M’ath to all those attending Comic-Con in San Diego! Enjoy. Some of us ’round here still have work to do! (In fact, I spoke with Dan Weiss and David Benioff yesterday, and they’re not making it this year, either [season 3, and whatnot].) A quick note for those visiting from out of state, though: This weather is NOT normal. It straight up rained here in Orange County—poured! That may be humdrum if you’re from New York or Florida, but in Southern California?! I can’t remember the last time.

Anyway, if you’re wandering around the Gaslamp and happen to bump into anyone dressed as Khal Drogo or Daenerys and want to say “boy, howdy!”, here’s a quick and dirty Dothraki primer:

Dothraki English Audio
M’athchomaroon! Hello!
M’ath! Hi!
Hash yer dothrae chek? How are you?
Chek! Good!
Anha garvok! I’m hungry!
Anha fevek! I’m thirsty!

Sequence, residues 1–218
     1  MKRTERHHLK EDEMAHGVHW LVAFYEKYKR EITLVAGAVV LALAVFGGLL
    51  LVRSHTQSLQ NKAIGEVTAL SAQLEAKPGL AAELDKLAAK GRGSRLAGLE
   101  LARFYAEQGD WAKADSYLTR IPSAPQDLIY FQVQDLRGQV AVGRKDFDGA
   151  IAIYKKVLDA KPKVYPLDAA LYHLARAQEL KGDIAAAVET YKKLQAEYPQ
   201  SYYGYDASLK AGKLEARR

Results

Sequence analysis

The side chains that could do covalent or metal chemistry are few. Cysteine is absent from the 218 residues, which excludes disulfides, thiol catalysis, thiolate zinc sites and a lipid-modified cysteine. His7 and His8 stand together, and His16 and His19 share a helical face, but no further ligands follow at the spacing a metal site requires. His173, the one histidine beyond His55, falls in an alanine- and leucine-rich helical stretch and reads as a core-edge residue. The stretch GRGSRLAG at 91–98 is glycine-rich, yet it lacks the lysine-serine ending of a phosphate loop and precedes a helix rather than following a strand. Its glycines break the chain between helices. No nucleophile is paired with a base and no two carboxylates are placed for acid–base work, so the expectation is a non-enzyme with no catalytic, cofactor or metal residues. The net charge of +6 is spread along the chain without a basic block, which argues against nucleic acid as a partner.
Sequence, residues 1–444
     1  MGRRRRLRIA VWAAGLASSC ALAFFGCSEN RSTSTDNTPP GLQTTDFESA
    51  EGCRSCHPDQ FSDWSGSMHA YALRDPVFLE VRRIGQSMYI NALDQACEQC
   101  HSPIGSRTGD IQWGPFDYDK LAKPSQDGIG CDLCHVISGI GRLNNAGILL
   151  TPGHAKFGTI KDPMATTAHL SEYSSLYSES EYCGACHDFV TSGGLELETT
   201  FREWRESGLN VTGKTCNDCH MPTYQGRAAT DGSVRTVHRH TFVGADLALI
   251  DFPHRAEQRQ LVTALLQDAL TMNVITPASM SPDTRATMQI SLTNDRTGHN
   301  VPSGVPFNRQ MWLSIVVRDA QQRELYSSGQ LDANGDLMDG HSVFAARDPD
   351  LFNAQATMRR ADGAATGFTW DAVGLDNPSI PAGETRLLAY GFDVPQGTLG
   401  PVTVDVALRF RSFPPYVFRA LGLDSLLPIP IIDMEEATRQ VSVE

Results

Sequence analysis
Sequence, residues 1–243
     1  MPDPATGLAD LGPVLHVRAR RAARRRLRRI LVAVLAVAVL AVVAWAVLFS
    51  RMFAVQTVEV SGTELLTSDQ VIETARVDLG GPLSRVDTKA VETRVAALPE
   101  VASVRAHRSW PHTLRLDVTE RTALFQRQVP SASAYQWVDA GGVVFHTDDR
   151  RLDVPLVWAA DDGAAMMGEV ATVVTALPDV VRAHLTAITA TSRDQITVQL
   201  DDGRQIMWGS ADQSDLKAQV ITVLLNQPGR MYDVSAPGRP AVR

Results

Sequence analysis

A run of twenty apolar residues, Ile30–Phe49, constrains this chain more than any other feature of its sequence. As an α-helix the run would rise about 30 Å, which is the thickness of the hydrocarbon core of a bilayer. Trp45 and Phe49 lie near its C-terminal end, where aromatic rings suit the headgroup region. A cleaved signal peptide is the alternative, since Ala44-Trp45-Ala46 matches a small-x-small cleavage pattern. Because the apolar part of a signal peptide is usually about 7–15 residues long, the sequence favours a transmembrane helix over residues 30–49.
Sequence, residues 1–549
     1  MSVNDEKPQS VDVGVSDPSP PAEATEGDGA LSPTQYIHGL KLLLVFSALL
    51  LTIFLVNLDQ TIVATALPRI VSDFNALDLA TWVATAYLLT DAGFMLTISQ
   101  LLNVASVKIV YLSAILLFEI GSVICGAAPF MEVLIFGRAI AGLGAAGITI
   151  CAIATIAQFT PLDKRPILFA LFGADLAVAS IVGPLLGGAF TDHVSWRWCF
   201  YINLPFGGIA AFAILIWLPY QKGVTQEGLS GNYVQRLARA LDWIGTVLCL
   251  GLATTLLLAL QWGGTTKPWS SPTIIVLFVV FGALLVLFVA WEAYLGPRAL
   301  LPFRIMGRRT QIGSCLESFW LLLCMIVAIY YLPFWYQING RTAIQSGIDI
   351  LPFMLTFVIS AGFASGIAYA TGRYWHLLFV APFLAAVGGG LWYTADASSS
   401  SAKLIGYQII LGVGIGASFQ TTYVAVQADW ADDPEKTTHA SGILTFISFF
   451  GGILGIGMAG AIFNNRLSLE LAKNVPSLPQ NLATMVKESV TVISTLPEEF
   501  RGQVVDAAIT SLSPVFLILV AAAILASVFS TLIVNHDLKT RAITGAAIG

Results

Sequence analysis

Hash rekak che Oil Oiton che Jonathon Freykis? Is that Will Wheaton or Jonathan Frakes?
Vojosor heme vos ahhimo anna. I’m not into furries.
Finne zhavorsa anni?! Where are my dragons?!
Anha afichak rek h’anhaan ma vorsoon ma qoyoon! I will take what is mine with fire and blood!
Fonas chek! Goodbye!

Listen to the audio for the pronunciation—or just be sure the vowels are pure and you pronounce the Q’s like K’s (they’re not, but that’s close enough). If you’d like more of an introduction, you can check out the other posts on this blog, or head over to YouTube where sunquan8094 has an entire series of Dothraki tutorials. San athchomari to all those that made the trip down! I plan on being there next year. Until then, fonas chek!

[Featured Photo: Me, my wife and my little sister down in San Diego in younger days. The relationship to the topic at hand is…tenuous.]